A comment made by Tom Sherick, who’s been homeless in Daytona Beach on and off for six years, was a little more revealing. “Sometimes people driving by will see you and give you food, but the cops try to shut it down,” Sherick said.
Ask yourself, could the police also be using drones to monitor motorists who stop to feed the homeless?
According to a recent article in The Appeal, the Miami Police Department has arrested 30 percent of the homeless population for not practicing social distancing and breaking curfew.
“On March 27, Miami area officers arrested two homeless men for unlawfully using a dairy crate—a Florida law that effectively allows police to arrest homeless people for sitting.”
In the seven weeks since Miami-Dade County issued its stay-at-home order, the police have arrested 3,526 homeless people.
The COVID-19 excuse to target the homeless and invade our privacy appears to be in full swing as police use drones to warn people to social distance.
As USA Today explains people have a right to privacy.
“People have a right to privacy. You can’t just take their temperature without any reason. I think this is just an example of something that police departments have a tendency to do. Someone sells them on a new technology and they can come up with what they think is reason to use it and they use it, but they don’t necessarily think about how invasive it might be,” said Caleb Kruckenberg, litigation counsel for the New Civil Liberties Alliance.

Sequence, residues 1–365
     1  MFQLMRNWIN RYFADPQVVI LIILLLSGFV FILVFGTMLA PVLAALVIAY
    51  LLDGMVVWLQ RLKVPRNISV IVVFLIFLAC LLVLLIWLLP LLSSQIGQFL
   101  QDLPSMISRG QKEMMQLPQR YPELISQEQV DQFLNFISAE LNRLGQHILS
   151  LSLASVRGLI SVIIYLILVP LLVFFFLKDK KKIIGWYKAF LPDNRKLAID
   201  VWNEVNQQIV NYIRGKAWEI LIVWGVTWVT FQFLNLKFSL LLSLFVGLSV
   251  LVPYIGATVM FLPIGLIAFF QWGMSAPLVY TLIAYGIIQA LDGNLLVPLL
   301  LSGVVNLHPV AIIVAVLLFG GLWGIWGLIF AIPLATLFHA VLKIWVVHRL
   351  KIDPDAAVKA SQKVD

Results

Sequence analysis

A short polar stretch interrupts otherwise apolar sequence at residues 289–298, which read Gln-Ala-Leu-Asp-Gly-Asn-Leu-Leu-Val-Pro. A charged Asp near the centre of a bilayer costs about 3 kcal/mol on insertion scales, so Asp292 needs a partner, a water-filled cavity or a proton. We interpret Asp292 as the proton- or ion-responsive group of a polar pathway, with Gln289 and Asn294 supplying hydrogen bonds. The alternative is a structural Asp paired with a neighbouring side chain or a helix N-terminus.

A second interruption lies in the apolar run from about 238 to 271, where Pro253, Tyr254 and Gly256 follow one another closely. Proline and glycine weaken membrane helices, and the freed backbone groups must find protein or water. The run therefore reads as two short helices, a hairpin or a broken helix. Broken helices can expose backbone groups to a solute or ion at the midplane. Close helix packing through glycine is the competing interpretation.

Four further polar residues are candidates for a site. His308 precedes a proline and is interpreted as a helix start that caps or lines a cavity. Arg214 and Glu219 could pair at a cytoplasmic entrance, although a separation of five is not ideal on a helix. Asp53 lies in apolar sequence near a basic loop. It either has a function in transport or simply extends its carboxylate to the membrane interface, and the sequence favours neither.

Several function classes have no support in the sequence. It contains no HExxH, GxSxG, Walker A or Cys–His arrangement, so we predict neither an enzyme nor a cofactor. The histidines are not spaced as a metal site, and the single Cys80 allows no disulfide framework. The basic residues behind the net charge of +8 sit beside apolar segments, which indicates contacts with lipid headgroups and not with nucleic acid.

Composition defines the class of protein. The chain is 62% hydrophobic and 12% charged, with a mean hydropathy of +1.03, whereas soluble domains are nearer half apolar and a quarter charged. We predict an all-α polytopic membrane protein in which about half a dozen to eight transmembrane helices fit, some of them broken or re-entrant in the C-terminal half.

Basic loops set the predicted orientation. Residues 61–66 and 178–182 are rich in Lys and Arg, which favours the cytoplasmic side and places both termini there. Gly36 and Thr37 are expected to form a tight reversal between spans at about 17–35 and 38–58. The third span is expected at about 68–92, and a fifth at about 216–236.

Earlier, I mentioned that law enforcement broke every promise they ever made about using drones except during an emergency. For years, law enforcement defined what constituted an emergency as a ‘search and rescue, hostage situation, missing child or adult, remote crime scenes, incidents involving hazardous materials, monitoring crowds at large events and collision documentation’.